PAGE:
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dc.creatorJamurtas, A. Z.en
dc.creatorTheocharis, V.en
dc.creatorTofas, T.en
dc.creatorTsiokanos, A.en
dc.creatorYfanti, C.en
dc.creatorPaschalis, V.en
dc.creatorKoutedakis, Y.en
dc.creatorNosaka, K.en
dc.description.abstractMany exercise models have demonstrated associations between eccentric muscle actions and muscle damage. However, the magnitude of muscle damage varies among the models. It appears that responses to eccentric exercise are different between leg and arm muscles but this has not been systematically clarified. This study compared leg and arm eccentric exercises of the same relative intensity for indices of muscle damage. Eleven healthy untrained males [Age: 21.2 (1.0) years, Height: 179.4 (3.0) cm, Weight: 78.4 (3.1) kg] performed a sub-maximal eccentric exercise of the knee extensors (LEGS) and the elbow flexors (ARMS), separately. Both LEGS and ARMS consisted of six sets of 12 repetitions with an intensity corresponding to 75% of the predetermined maximal eccentric peak torque (EPT) of each muscle. Range of motion (ROM), delayed onset muscle soreness (DOMS), serum creatine kinase (CK) and lactate dehydrogenase (LDH) activities, myoglobin (Mb) concentration, and muscle strength [EPT and isometric peak torque (IPT)] were assessed before and 24, 48, 72, and 96 h following exercise. Significant (P<0.05) changes in DOMS and ROM were observed up to 96 h after both exercise bouts, and the magnitude of the change was similar between LEGS and ARMS. Increases in CK and Mb were significantly (P<0.05) larger after ARMS than LEGS at 72 and 96 h post-exercise. EPT and IPT were significantly (P<0.05) lower than the baseline up to 96 h post-exercise for ARMS but were fully recovered by 96 h post-exercise for LEGS. Decreases in muscle strength were significantly (p<0.05) larger following ARMS than LEGS at 48, 72, and 96 h post-exercise for EPT, and from 24 h to 96 h post-exercise for IPT. These results suggest that the magnitude of muscle damage is greater and the recovery of muscle function was slower after eccentric exercise of arm elbow flexors than the knee extensors. © Springer-Verlag 2005.en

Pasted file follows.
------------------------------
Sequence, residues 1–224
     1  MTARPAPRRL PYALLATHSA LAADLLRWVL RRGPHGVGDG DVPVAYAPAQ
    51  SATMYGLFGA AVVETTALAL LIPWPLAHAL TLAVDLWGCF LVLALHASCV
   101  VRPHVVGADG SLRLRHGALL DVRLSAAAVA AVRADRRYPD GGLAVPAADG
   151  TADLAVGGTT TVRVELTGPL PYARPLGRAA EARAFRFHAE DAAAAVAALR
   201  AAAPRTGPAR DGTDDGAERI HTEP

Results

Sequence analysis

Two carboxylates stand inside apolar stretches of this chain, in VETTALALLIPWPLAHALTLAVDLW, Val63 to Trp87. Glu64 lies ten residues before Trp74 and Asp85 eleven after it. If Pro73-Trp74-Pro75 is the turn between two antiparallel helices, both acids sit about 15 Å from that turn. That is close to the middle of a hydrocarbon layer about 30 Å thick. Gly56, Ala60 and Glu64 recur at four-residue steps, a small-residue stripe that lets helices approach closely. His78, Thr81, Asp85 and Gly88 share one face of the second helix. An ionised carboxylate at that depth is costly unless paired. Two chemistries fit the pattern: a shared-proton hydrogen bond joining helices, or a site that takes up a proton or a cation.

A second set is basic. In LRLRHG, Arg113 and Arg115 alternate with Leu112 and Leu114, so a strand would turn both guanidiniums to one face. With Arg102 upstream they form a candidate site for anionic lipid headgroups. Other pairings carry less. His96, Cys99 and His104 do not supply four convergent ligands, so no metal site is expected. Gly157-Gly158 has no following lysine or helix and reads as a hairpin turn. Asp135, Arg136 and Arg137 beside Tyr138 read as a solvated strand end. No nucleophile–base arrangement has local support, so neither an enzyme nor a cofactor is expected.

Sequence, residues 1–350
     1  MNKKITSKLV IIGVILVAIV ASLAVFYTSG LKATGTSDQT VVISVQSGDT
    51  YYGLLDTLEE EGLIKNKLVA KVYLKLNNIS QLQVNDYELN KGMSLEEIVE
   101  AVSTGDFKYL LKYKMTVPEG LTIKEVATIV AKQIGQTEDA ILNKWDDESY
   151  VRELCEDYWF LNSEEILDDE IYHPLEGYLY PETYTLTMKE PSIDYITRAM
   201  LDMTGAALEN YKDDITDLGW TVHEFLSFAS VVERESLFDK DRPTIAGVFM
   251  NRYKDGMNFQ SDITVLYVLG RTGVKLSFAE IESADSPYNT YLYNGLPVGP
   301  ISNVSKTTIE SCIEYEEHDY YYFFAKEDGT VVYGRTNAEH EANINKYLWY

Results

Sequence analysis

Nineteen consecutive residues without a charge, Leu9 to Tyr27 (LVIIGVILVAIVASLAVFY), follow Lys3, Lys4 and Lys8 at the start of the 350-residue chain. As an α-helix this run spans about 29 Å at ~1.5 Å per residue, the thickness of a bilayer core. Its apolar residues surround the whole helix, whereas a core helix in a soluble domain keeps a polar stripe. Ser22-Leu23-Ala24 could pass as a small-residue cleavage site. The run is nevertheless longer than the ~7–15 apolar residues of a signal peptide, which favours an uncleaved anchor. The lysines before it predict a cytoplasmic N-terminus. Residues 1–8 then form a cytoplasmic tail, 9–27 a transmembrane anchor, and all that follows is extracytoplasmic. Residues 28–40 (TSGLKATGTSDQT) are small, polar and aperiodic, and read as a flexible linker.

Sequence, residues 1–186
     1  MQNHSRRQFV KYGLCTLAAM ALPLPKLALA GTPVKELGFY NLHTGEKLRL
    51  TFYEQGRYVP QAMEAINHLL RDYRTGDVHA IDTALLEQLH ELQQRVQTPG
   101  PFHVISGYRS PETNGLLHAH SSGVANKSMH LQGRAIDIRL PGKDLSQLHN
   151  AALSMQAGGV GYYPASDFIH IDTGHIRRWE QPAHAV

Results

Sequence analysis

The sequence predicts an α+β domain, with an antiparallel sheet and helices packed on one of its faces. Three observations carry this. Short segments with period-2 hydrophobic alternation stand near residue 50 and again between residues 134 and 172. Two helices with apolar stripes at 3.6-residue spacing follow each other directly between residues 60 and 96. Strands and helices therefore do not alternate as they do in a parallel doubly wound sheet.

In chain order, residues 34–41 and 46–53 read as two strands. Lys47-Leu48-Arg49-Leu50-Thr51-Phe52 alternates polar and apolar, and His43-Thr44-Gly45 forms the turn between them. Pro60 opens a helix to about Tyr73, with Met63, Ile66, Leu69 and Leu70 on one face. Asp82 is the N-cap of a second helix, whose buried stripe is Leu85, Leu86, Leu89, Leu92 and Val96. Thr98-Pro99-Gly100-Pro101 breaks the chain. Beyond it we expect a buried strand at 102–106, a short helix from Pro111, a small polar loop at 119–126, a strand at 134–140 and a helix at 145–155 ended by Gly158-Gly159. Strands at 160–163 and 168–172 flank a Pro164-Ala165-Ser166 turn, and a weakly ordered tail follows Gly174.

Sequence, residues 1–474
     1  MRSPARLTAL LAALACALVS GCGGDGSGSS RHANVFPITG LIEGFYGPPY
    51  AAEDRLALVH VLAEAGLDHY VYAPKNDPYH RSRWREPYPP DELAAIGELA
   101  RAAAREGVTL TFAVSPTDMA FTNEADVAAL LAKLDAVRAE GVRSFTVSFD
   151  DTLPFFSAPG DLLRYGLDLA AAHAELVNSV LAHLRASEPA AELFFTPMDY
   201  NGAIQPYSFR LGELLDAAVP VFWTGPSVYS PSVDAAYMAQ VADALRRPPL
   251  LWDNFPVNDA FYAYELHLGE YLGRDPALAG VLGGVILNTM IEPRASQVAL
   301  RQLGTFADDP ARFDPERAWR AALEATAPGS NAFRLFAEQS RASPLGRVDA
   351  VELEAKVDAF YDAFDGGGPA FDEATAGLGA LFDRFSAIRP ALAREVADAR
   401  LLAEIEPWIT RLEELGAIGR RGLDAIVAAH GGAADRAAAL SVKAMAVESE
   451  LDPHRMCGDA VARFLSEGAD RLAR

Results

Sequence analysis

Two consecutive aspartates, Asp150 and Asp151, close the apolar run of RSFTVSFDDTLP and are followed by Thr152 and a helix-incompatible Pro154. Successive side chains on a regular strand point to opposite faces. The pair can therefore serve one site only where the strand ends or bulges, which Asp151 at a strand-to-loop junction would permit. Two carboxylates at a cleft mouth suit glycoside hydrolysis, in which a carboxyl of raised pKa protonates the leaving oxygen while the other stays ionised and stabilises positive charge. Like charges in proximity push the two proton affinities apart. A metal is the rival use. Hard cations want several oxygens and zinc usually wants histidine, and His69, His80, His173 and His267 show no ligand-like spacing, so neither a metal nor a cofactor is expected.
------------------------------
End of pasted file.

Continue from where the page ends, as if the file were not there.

dc.subjectCreatine kinaseen
dc.subjectElbow flexorsen
dc.subjectIsokinetic torqueen
dc.subjectKnee extensorsen
dc.subjectMuscle sorenessen
dc.subjectRange of motionen
dc.subjectlactate dehydrogenaseen
dc.subjectarm exerciseen
dc.subjectbody heighten
dc.subjectbody weighten
dc.subjectcomparative studyen
dc.subjectcontrolled studyen
dc.subjectcreatine kinase blood levelen
dc.subjectenergy recoveryen
dc.subjectextensor muscleen
dc.subjectflexor muscleen
dc.subjecthuman experimenten
dc.subjectjoint mobilityen
dc.subjectlactate dehydrogenase blood levelen
dc.subjectleg exerciseen
dc.subjectmuscle functionen
dc.subjectmuscle injuryen
dc.subjectmuscle strengthen
dc.subjectmuscle trainingen
dc.subjectnormal humanen
dc.subjectpriority journalen
dc.subjectL-Lactate Dehydrogenaseen
dc.subjectMuscle, Skeletalen
dc.subjectRange of Motion, Articularen
dc.titleComparison between leg and arm eccentric exercises of the same relative intensity on indices of muscle damageen

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